Growing Pains


The back and forth battle at Gonzales’ City Hall that has prevented the city to institute a budget for the 2014-2015 fiscal year is being described in two words: growing pains.

Gonzales City Council and Mayor Pro-Tem Terance Irvin said he knew these times were coming for the city of Gonzales, but the city must continue to press forward through them.

“I knew because of the investments made in the infrastructure we were going to have some growing pains,” Irvin said in an interview with the Weekly Citizen, a 14-year member of the council. “When you lay down a strong foundation, it invites economic development. You see the head-knocking, and name-calling and discussions going back and forth in the differences in ideologies, all that is to me is growing pains and I think it’s a good thing because I foreseen this coming sooner or later and I’m excited about it.”

In the July 7,City Council meeting, Mayor Barney Arceneaux attempted to pass the 2014-2015 budget for the second time for the city. But before a final vote, Irvin and councilman Gary Lacombe needed to make amendments one last time, which pushed the final vote again to approve back another to weeks, and set for July 28.

With his experience, Irvin said he’s able to have some intelligent discussion about the City of Gonzales’ past and its future.

“If you know your history, you’ll have a clear understanding of where you’re going,” Irvin said.

Budget woes

When Irvin first was first elected, Gonzales had about $16 million in its fund balance and over the years it grew to approximately $30 million. However during the last five years, the city spent about $20 million of the $30 million, this calling for some adjustments.

At the end of 2013, the council, led by Lacombe asked the auditor to affirm if “tightening” back the budget was the right thing, and the auditor said yes it was the right thing.

“That was an affirmation from what we’re trying to do from a Fiscal standpoint,” Lacombe said.

This past year, Lacombe and Irvin made similar requests to all of the departments to try and tighten things up to turn the fund balance around because it positions us to invest in infrastructure and the growing pains, Lacombe said.

“This past council meeting (July 7) we approved, unanimously, bonding $17 million over the next 20 years to do some identified work in our wastewater system across the city,” Lacombe said, in an interview with the Weekly Citizen. “We’re able to do that because that note is going to be between $700,000 to $900,000 a year. Because of tightening the belt we’re able to do that and keep moving forward.”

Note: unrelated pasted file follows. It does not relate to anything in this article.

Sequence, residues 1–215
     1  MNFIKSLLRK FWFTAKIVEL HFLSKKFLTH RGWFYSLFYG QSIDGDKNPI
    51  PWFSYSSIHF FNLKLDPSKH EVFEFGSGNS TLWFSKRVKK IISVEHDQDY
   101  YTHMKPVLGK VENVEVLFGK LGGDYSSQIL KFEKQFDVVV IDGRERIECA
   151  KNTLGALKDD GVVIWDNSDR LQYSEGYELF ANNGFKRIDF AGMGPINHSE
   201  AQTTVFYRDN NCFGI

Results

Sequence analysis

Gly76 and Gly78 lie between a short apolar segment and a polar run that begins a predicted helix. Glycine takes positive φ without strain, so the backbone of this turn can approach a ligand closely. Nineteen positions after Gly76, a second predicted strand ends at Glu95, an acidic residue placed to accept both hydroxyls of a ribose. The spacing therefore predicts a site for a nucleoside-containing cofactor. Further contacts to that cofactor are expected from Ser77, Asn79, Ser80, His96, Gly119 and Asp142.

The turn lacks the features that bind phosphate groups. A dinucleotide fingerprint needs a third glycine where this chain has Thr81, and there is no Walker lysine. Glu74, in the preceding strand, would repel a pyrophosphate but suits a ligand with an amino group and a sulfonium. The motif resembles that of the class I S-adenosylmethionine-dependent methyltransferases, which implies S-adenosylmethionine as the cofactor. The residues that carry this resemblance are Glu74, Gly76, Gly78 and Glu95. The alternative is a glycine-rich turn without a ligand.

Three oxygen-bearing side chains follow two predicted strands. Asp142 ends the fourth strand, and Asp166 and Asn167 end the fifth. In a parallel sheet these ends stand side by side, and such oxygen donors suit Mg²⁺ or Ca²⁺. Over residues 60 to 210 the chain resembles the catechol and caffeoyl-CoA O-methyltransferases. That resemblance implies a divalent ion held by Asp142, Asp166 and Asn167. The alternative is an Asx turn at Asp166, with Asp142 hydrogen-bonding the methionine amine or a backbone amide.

At the last council meeting, Irvin and Lacombe proposed amendments to once again reduce funding to the Police Department and the Ascension Economic Development Corporation (AEDC).

Lacombe offered an amendment to that would reduce the Police Department by approximately $110,000, instead of the $150,000 proposed in previous months.

The amendment would mean $327,555 for the Police Department rather than the $437,261 originally budgeted. Lacombe calculated the new reduced figure, he said, from the average of the last five years of Police Department funding, but in five years the department would be able to replace every one of its assets at that number.

Gonzales Police Chief Sherman Jackson said he could “appreciate that formula,” but it “doesn’t work that way in law enforcement.”

“This is something we need and I think the city can afford it and I’m asking you to give my guys the tools to do their job,” Jackson said in the meeting.

However, Lacombe’s proposal passed in a 3-2 vote with Irvin and councilman Tim Vessel supporting.

As far as the AEDC, Irvin proposed an amount of $50,000, reducing it from the $100,000 it got in 2013.

Mike Eades, CEO of AEDC, explained at the meeting in response to Irvin’s new proposal that the city’s portion of funding for the AEDC helps provide for salaries, health care insurance and building rental for its staff of three.

Its other funding, from Ascension Parish government, the Baton Rouge Area Chamber and the Industrial Development Board of Ascension Parish, allows AEDC to support local business and bring new business to the parish and its towns, Eades said.